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An allergy is an excessive defense reaction of the immune system to certain and normally harmless environmental substances (allergens), which manifests itself in typical symptoms often associated with inflammatory processes.

Allergy groups

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Flea saliva allergy is the most common. The fleas themselves are rarely found as the cats immediately brush them off their fur. However, the allergic reaction can last for several weeks if, for example, there is still flea excrement in the fur. This allergy can, but does not have to, be more pronounced in summer.

Feed reactions come second. These are intolerances or allergies to individual feed components such as e.g. E.g. chicken, egg, rice, soy, etc. Food reactions can occur in kittens as well as in adult cats that have been fed the same food for years. Gastrointestinal problems such as vomiting, diarrhea, flatulence or constipation can also occur.

The third most common allergy is atopy (environmental allergy). Environmental allergens include pollen from trees, grasses and herbs, as well as dust mites and mold. In the latter case, the symptoms occur all year round, while winter is often the only symptom-free time for people with pollen allergies.


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Cats with allergies show four different reaction patterns (diseases) on the skin:

In miliary dermatitis, cats have small scabs on the skin, usually spread over the entire body. They are better felt than seen.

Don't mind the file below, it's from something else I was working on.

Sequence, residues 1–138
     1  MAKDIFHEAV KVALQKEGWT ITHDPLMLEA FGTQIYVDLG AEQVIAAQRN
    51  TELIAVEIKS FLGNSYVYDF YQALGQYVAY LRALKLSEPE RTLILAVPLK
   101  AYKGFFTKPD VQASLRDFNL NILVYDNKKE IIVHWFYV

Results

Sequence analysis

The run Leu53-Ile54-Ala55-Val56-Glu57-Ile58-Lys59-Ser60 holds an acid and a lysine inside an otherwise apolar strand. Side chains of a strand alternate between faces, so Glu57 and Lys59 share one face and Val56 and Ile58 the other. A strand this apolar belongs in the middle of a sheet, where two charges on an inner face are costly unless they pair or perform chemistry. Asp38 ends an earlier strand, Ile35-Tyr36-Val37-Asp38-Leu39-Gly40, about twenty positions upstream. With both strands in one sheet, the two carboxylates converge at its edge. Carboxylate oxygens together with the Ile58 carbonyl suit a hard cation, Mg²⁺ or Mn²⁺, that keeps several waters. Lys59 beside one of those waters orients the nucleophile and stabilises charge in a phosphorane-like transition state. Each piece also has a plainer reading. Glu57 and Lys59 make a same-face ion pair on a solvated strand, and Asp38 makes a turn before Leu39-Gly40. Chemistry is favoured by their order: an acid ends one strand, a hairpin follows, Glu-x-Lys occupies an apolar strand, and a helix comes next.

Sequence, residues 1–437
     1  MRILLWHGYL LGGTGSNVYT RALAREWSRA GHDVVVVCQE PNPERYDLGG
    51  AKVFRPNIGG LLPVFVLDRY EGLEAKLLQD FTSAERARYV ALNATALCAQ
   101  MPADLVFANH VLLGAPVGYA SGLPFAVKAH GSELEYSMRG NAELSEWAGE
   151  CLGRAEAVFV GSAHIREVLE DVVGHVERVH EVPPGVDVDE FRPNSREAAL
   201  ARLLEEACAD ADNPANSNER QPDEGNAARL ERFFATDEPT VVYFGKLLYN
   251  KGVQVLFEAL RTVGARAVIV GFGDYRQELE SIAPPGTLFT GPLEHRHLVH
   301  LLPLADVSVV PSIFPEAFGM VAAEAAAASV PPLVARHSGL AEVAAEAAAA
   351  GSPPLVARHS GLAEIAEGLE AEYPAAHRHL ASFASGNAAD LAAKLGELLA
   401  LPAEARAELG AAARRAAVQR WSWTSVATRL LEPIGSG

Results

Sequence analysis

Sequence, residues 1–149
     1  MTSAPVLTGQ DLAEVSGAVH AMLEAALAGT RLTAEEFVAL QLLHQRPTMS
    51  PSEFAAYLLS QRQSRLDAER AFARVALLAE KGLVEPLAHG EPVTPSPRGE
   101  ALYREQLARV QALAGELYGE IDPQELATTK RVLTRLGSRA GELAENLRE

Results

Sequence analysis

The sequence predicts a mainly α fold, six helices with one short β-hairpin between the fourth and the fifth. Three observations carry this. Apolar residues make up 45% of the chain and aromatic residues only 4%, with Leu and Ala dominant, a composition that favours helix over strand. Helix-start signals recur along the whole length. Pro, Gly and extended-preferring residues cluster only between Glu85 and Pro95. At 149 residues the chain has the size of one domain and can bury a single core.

Feline symmetrical alopecia results in complete or partial hairlessness with a symmetrical distribution pattern, e.g. on the abdomen and inner thighs.
In the case of head and neck itching, cats sometimes show extreme itching and inflict significant wounds on themselves by scratching.
The eosinophilic granuloma complex in turn includes various clinical pictures. All show accumulations of eosinophilic granulocytes (a type of inflammatory cell) under the microscope. Eosinophilic granulomas are often found on the ears and paws and in the oral cavity.
Linear granuloma is a raised, crusty, hairless oblong on the posterior thigh that does not seem to bother cats.
The indolent degenerative ulcer is located on the lip and looks horrific but is not painful to the cat.
Eosinophilic plaques are slightly raised, often itchy and weeping spots on the inner thighs and abdomen.
All symptoms can occur individually or in combination and with or without itching.

Cats with itching groom themselves more often, they lick, nibble and pull out their hair or shake their ears. Some cats don’t let themselves be observed. While some cats wound themselves badly, others are so gentle that the skin appears normal and only the hair is missing.


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Allergies are always a diagnosis of exclusion. This means that diseases with similar symptoms (such as mites and skin fungi) must first be ruled out. A trial therapy against fleas is always necessary, since a flea allergy can rarely be ruled out, even if no fleas are found on the cat. A food allergy and an environmental allergy can only be differentiated by at least an eight-week elimination diet (see below). If the symptoms do not improve during this time, a feed reaction can be ruled out. A blood allergy test can provide further information about an environmental allergy.


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With any allergy, avoiding the allergen as much as possible is the first step.

In the case of a flea allergy, this includes good flea control of all animals in the household, i.e. treating against fleas every 4 weeks all year round.

If a feed allergy is suspected, an elimination diet with subsequent provocation is carried out for at least 8 weeks.

Environmental allergies are the most difficult to treat because allergen avoidance is almost impossible. Desensitization like in humans or dogs is not possible in cats. However, there are many medications available to reduce the inflammation and itching caused by the allergy.